Miranda Harms Blog Bio 1

Increasing Access and Opportunity: Celebrating 30 years of the Americans with Disabilities Act (ADA) and 75 years of National Disability Employment Awareness Month (NDEAM)

This year is the nation's 75th observance of NDEAM, administered by DOL's Office of Disability Employment Policy (ODEP), which funds the Campaign for Disability Employment (CDE). The observance culminates in the Department's commemoration of the 30th anniversary of the Americans with Disabilities Act (ADA).

Despite the number of people with disabilities in the U.S. and the fact that they represent all races, classes, and cultures, many people are unaware of the disability movement's rich history. The history of National Disability Employment Awareness Month traces back to 1945 when Congress enacted a law declaring the first week in October each year, "National Employ the Physically Handicapped Week." In 1962, the word "physically" was removed to acknowledge the employment needs and contributions of individuals with all types of disabilities. In 1988, Congress expanded the week to a month and changed the name to National Disability Employment Awareness Month.

Signed into law in July of 1990 by President George H. W. Bush, the ADA is "landmark civil rights legislation that works to increase access and opportunity for people with disabilities across society, including in the workplace." The legislation was modeled on the Civil Rights Act of 1964 and the Rehabilitation Act of 1973, making it "the most comprehensive disability rights legislation in history." ADA prohibits discrimination in job application procedures, hiring, advancement, termination, compensation, job training, and other employment areas.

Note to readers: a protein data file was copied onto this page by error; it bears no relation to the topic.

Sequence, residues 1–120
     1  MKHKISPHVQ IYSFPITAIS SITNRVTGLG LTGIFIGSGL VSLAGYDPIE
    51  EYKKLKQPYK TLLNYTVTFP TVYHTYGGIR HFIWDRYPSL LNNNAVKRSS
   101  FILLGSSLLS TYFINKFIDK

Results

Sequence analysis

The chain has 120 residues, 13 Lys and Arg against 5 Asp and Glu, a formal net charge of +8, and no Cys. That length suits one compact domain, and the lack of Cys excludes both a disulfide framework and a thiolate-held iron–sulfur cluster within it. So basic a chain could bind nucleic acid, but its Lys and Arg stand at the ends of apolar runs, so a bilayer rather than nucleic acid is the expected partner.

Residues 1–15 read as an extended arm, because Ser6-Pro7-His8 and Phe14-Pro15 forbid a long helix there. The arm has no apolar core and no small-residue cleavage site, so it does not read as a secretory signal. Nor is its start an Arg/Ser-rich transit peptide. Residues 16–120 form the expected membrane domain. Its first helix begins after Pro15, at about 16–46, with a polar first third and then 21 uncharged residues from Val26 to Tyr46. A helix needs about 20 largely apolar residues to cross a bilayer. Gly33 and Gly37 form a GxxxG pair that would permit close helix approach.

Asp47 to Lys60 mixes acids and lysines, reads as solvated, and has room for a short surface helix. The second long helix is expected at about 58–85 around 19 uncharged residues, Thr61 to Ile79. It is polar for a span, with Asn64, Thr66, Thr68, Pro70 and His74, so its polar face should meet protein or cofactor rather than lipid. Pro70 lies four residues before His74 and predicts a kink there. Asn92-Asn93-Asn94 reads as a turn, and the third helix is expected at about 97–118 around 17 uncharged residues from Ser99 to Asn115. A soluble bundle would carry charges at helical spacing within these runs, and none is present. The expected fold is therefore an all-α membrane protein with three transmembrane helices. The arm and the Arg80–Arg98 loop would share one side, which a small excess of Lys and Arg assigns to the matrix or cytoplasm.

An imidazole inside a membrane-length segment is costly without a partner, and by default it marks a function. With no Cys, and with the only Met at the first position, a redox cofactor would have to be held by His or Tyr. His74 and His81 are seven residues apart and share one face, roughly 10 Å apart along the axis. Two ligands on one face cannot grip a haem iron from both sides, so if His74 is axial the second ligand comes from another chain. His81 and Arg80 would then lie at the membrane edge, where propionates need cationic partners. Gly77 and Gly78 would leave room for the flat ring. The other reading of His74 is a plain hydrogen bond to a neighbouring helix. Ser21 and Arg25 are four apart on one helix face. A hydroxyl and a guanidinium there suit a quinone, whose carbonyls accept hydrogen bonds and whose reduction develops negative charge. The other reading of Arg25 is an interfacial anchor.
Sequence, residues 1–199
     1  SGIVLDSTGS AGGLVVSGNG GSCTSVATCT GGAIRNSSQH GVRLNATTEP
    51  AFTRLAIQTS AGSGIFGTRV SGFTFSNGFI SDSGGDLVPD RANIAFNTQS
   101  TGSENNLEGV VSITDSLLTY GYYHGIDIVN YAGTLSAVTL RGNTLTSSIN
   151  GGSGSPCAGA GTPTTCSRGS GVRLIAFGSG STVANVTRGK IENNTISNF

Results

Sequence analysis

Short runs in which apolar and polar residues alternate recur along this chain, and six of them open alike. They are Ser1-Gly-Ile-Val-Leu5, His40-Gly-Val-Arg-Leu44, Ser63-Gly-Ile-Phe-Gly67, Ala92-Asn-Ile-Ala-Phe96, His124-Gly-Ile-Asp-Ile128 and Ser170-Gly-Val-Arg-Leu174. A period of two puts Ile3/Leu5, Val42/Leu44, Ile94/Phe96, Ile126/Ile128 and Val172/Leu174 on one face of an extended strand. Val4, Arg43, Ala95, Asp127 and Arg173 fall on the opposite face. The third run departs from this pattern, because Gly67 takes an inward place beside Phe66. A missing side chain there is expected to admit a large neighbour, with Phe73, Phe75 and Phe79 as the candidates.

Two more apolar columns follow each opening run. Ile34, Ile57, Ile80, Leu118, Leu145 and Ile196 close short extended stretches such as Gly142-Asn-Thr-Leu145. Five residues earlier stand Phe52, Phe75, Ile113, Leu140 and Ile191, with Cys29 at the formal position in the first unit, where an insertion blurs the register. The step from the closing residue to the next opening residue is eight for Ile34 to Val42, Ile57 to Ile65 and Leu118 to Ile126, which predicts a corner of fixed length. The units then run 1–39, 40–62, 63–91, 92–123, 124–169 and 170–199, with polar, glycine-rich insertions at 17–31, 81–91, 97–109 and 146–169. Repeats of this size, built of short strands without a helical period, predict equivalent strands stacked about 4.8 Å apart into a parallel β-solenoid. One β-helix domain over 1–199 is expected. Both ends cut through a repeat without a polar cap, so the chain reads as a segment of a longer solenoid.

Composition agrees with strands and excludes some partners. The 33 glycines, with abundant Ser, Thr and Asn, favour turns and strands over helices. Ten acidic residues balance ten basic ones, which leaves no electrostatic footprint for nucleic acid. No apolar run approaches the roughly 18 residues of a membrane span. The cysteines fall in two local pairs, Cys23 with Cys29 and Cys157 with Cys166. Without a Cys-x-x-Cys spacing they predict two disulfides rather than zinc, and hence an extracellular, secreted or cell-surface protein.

Employers and employees in all industries can learn more about how to participate in National Disability Employment Awareness Month and ways to promote its messages — during October and throughout the year — by visiting www.dol.gov/NDEAM. In the end, the most critical way to advance the movement is to "just do it." Take action now to support the hiring, retention, and promotion of employees with disabilities. Visit WhatCanYouDo.org's WHERE TO LEARN MORE section for links to valuable tools and resources designed for employers, people with disabilities, family members, and educators.

"Ensuring that America's workplaces continue to include and accommodate people with disabilities will be an important part of our economic rebound," said U.S. Secretary of Labor Eugene Scalia. "Looking ahead, the Department will remain focused on the policies that led to a strong economy and record-low unemployment rates for persons with disabilities before the pandemic. A vigorous economic rebound and job growth will, alongside the Americans with Disabilities Act, increase access and opportunity for Americans with disabilities."